What they need to do is implement client-side encryption before it gets uploaded. Sure, we can use something like EncFS to let Dropbox host only files I've already encrypted, but other cloud-storage companies like SpiderOak have written themselves out of access to my file contents.
In my humble experience, POS systems are those most forgotten, and least protected once you get on to the network. Few patches if any, and the vendors often squawk about only supporting ancient versions of Windows XP. Yes, the POS systems are probably Windows. Probably no AV either, and quite likely all administered with shared accounts that everybody knows. A firewall is by far the least they should be doing.
This sort of thing is starting to hurt, right in the pocket book where it counts. That is exactly the right response to companies stabbing their consumers in the back.
Something comprehensive would indeed be much better than solving for one layer. The challenge I find is trying to get people to pay attention to any of it at all, never mind changing everything they do in one fell swoop. For sure, making secure options the default is a huge step, but in this case, we're still relying on whatever compromised client gets allowed on to the wifi.
I've had a FON device, and I think its main protection against malicious (illegal, stupid) use is that other users on the open FON channel are either authenticated FON users roaming to your access point or paid users who again aren't really anonymous.
What I was wondering though is whether each of these openwireless devices could also be set up as a Tor entry node for all of the free traffic going out that way? Think something like the Tails distro, where you don't record anything, and don't really want to either. Keep it somewhat bandwidth-friendly for the rest of your network, and worry less about what some anonymous user does with it.
If it's something sensitive, you could encrypt the file and attach it to a note.
You could, for a one-off. It's not a useful model overall though, where their whole model of simplicity and ease of use only works if you're taking the easy way out and sharing everything by default.
The problem I had with EverNote is that there are no encryption options. I'm less worried about availability since I back up important data, but why should they ever have anything other than a bucket of bits?
What you call "notes", the local prosecutor calls "evidence". Something you write that might seem totally harmless to you - "today I spent three hours daydreaming about putting bleach in my idiot boss's Diet Coke" suddenly becomes damning when presented out of context to a jury, after someone put bleach in your boss's Diet Coke and he wound up in the hospital.
I have been keeping a plain text log for the better part of two decades. They are just individual text files, one for each day, with titles like 2014-04-20_sue_party, a date and a quick description of anything unusual. The encryption mechanism has changed, but right now they are all stored on a Truecrypt volume. A vanilla search only takes a minute at most.
I'll chip in with a combination that works for me. This may or may not overlap with the OP, but YMMV.
Anyway, I want to be able to have access to my data in multiple places, including mobile. On the other hand, I also expect a certain control over my data, including the ability to encrypt (and still have access).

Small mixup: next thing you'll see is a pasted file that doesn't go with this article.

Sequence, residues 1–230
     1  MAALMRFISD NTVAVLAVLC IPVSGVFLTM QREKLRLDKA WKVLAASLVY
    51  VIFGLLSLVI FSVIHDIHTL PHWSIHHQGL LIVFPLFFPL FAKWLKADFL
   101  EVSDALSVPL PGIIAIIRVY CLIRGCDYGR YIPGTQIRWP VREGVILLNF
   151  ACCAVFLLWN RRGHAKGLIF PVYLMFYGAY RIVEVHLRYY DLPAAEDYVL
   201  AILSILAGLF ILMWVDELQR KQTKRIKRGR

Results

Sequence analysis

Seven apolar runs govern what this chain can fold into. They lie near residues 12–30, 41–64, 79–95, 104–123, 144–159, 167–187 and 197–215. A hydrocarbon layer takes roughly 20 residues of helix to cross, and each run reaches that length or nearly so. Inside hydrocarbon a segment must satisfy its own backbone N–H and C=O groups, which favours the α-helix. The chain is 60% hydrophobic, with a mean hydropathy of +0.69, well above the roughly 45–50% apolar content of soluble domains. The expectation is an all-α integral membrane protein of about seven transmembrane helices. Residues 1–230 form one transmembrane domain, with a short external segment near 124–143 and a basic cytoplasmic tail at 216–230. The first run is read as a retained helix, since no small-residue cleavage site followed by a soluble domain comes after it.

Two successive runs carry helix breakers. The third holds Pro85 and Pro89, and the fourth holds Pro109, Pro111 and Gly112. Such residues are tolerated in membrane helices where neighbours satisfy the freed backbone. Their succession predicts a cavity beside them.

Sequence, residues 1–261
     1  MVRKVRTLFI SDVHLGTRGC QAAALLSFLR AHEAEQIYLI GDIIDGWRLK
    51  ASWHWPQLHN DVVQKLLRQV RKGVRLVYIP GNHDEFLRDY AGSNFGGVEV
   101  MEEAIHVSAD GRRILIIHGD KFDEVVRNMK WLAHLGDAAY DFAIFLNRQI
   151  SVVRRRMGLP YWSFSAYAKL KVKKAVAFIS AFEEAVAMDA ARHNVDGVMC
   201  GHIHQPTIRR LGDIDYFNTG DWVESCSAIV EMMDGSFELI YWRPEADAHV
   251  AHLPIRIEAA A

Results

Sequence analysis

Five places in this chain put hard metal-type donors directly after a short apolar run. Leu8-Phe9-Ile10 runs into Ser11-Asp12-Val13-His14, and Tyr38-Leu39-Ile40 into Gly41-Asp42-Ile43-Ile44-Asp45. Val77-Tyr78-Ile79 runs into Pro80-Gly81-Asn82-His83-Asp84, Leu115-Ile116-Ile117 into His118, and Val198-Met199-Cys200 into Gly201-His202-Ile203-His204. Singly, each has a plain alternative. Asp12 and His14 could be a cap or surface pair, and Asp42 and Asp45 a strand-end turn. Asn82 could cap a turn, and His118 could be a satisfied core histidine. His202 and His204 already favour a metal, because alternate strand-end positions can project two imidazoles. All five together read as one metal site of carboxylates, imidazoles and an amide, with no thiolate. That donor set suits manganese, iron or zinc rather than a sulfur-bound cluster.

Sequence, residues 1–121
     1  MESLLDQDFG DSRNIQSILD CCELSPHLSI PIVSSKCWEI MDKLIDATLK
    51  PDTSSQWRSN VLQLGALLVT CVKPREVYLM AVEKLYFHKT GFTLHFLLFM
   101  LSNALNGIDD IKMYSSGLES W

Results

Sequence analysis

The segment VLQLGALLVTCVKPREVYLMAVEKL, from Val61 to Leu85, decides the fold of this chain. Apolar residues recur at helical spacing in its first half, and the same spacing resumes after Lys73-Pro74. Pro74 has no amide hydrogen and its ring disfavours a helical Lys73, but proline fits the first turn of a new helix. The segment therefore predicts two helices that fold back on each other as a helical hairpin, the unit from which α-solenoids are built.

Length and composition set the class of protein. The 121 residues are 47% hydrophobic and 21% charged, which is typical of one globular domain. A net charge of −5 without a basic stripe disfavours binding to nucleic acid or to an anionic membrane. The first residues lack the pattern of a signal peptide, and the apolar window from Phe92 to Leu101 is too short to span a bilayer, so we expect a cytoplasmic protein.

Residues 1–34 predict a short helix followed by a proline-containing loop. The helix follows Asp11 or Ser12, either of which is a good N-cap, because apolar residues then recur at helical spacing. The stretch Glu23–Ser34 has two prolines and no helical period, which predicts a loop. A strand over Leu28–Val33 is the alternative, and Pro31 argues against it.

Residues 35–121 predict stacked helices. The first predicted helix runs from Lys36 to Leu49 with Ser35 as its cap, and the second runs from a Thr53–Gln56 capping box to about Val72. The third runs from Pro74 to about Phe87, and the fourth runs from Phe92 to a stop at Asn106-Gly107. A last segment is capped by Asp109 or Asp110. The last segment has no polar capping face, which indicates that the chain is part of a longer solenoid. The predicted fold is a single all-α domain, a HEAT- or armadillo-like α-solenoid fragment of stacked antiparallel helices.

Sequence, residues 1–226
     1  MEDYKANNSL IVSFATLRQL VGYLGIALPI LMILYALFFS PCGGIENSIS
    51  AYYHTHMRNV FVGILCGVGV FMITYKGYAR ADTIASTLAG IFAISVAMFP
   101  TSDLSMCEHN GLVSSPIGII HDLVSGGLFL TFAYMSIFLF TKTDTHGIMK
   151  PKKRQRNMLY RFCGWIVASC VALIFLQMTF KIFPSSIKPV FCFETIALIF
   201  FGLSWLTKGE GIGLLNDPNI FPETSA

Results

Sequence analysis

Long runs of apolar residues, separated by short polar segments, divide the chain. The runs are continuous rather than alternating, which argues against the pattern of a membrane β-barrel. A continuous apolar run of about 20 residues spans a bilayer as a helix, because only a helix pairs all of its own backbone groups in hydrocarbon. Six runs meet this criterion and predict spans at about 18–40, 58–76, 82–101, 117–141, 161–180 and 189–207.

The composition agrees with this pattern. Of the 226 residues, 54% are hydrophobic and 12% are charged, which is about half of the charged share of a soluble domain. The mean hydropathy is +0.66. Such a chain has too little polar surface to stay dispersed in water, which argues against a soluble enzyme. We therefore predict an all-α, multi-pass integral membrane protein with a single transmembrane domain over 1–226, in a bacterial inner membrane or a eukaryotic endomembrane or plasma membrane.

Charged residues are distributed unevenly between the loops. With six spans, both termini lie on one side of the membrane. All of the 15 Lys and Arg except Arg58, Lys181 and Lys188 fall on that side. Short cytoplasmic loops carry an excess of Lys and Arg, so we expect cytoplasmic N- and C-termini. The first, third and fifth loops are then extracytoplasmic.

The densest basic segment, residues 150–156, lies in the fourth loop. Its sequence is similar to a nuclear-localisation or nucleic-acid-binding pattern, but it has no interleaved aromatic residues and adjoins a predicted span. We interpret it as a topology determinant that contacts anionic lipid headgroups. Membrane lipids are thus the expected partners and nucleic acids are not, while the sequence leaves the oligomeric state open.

Org-mode has some support for iOS and Android apps, including syncing to a central location via Dropbox or WebDav. Encryption is available too, using the OpenSSL command-line tool IIRC. WebDav is also supported by ownCloud, so the central sync point isn't DropBox and their snoopy new board member, but my own VPS elsewhere. Of course, one of the beauties of org-mode too is that in the end, the data is still plain text once decrypted, so the local copy is never stuck in an opaque format. If I'm concerned about my local copies' security, then that is in an encrypted volume.
The thing with hibernate is that it's capturing an image of memory, and storing on your disk. Handy when you want to wake up from really-powered-off, but also handy for anyone who wants to do a forensic analysis of everything in memory when it went to sleep. Ditto iPhone backups too IIRC, which is why (a) I don't use hibernate, and use sleep unless I'm expecting something invasive like going through US Customs where they apparently have free reign over your constitutional rights, and (b), iPhone backups are set to use encryption.
Powered off with no image written to disk is a good combination.
Well, unless it's based on a a free, open protocol that you can host yourself if required.
And you can easily get your data out of the system. Because if you cannot get your data, you cannot host it elsewhere.
That part at least is something that Google does put some work into. You can use Google Takeout to get quite a bit back, in a form you may conceivably use elsewhere. Not sure about Schemer specifically though.
Bah. This cranky old guy (with a *four* digit ID) agrees with Animats. Get your own domain, and control your own online presence, with as much or little mucking about as you like.
Great parody site: http://accidenture.com/
More seriously, your organization should have the ability to reset or disable any account you have there, so it's moot.Other specific knowledge should be documented anyway, but your accounts needn't be that critical.
Nope, horse-puckey. This would be the same PIN data that their PCI compliance *cough* would disallow from storing after authorization for a transaction, just like the CVV codes which I think also got nabbed. Now, it is possible that they were all captured "in-flight" and not being stored against the rules, but it is very much verboten to keep even with encryption.
I think the toaster OS is NetBSD.